Open Space advocates say they expect about $70 million will be available next year for green and blue acres projects plus historic and farmland preservation under a bill signed into law in June by Governor Christie.
John C. Ensslin of the Record's State House Bureau reports:
The advocates gathered with lawmakers at the State House Wednesday to celebrate passage of the “Preserve New Jersey Act” which specifies how open space revenues approved by the voters in a 2014 constitutional amendment should be divided up.
“It also does something incredibly important by removing us from the boom and bust cycle that we’ve seen for so many years...and allows us to have regular, reliable and transparent funding,” said Kelly Mooij, coordinator of Keep It Green, a coalition of groups that pushed for the legislation.
A constitutional amendment was approved by the voters in 2014 that set aside four percent of the state’s corporate business tax revenue for open space purposes, but there were disputes over how the money should be spent.
Mooij said that under the bill about $70.8 million that will go to the Garden State Preservation Trust in 2017.
Of that amount, 60 percent or about $42.5 million will go toward Green Acres projects such as acquiring and developing open space. Another 31 percent or about $21.9 million will go toward farmland preservation and stewardship programs.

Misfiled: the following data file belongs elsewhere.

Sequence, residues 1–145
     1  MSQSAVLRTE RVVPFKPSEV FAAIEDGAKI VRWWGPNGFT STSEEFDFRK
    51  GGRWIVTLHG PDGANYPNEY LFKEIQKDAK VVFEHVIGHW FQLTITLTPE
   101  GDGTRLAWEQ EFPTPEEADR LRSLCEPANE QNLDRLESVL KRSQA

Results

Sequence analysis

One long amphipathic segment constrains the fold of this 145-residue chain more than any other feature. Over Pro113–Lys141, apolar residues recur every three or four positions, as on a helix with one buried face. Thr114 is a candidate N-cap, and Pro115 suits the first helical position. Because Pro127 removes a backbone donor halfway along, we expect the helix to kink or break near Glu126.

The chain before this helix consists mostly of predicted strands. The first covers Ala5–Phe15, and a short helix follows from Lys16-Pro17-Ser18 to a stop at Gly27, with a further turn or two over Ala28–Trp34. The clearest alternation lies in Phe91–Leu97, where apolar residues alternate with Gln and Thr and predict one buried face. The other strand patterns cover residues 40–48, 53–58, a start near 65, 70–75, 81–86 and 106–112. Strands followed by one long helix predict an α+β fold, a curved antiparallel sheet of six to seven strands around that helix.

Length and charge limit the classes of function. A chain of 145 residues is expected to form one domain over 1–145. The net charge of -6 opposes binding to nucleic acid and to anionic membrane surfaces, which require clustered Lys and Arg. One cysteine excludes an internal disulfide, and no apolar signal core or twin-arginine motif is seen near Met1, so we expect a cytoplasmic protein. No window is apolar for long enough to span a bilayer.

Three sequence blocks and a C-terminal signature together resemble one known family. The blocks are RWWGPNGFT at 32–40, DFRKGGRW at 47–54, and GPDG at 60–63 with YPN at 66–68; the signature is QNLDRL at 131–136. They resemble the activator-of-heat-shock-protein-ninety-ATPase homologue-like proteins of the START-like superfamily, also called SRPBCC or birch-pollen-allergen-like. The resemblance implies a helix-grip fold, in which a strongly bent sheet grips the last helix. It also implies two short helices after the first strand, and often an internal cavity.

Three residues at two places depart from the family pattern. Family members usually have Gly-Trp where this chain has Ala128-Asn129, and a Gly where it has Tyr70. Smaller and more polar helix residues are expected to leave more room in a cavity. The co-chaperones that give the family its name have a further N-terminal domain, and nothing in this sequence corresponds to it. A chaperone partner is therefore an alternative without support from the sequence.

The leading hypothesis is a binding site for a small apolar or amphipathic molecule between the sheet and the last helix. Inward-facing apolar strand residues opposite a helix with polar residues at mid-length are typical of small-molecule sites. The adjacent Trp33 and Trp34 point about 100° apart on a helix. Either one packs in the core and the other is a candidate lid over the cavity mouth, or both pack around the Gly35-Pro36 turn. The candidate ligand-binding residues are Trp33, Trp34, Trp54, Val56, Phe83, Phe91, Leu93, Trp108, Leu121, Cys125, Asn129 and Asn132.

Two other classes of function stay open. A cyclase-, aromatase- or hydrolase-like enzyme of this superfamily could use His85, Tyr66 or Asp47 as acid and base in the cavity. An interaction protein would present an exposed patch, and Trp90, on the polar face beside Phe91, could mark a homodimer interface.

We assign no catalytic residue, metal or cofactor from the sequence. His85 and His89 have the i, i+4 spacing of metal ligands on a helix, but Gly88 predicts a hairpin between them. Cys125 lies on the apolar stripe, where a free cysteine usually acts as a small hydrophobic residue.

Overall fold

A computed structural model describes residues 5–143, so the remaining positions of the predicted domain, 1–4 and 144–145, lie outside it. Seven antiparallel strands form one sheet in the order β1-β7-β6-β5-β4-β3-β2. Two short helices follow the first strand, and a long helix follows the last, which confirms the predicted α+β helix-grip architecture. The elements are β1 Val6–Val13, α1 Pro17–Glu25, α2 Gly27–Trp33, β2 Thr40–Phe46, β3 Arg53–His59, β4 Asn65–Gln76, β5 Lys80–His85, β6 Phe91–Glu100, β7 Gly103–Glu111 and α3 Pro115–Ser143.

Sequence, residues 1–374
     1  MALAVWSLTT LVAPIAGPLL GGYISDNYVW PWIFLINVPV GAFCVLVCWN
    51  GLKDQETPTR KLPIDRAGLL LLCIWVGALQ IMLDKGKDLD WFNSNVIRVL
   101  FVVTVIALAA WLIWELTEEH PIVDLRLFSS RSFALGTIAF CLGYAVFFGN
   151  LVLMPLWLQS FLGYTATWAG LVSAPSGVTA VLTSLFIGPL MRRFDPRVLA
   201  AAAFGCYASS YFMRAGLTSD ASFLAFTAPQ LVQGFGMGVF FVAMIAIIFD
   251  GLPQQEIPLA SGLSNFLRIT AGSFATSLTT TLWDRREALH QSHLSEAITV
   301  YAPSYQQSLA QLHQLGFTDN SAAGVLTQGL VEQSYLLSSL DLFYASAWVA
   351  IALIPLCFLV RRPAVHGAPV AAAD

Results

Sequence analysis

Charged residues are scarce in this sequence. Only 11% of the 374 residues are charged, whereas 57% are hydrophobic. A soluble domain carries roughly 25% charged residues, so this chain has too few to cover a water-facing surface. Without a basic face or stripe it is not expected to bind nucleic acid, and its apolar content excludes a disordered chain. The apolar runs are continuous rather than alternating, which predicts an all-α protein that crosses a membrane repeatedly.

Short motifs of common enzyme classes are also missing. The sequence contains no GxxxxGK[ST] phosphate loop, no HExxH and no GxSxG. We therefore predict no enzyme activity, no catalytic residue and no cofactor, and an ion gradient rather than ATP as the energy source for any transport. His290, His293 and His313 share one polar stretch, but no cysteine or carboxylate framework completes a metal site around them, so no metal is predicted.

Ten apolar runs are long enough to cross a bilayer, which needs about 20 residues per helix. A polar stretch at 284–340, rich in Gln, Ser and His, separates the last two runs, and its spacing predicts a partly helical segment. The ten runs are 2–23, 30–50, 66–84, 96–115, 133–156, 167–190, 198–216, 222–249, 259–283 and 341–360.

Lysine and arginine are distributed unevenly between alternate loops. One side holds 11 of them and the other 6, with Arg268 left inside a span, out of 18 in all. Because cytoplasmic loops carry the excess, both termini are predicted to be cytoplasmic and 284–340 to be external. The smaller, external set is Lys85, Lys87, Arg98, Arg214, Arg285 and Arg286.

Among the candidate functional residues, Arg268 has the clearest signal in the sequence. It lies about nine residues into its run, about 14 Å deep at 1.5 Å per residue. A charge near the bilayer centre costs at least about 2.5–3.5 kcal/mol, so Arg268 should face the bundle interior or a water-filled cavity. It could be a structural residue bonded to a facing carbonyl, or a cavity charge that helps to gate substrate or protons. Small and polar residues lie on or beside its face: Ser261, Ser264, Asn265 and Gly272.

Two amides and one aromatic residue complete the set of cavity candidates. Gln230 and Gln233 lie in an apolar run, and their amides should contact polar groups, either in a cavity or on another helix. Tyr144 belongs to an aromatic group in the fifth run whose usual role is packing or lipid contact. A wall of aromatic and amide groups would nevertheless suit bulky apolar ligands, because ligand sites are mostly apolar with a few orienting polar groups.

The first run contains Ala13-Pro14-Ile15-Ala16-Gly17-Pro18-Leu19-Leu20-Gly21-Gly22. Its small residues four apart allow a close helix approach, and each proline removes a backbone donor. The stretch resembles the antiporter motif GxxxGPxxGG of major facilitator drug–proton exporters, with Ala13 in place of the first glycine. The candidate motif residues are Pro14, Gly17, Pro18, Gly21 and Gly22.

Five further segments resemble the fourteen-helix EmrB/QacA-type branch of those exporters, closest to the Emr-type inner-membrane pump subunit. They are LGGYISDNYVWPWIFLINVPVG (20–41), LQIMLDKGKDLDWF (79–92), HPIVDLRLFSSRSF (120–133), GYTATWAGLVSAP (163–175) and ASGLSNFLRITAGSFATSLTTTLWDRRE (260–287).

Five percent or about $3.5 million will go toward historic preservation while four percent or about $2.8 million will for blue acres projects in which flood prone buildings are purchased, demolished and turned back into open space.
The bill was a last minute compromise reached just as the Senate was prepared to override Christie’s earlier conditional veto of the measure.
Instead both the Senate and Assembly approved a revised bill that included the Blue Acres funding on June 27 and Christie signed it three days later.
The prime sponsor of the bill, Sen. Bob Smith, D-Middlesex, said the law represents an important moment in the push for open space in New Jersey.
“I hope everybody realizes the really historic nature of this,” Smith said. “A stable source of funding for open space has been the holy grail of the environmental movement in New Jersey for the past 10 years.”
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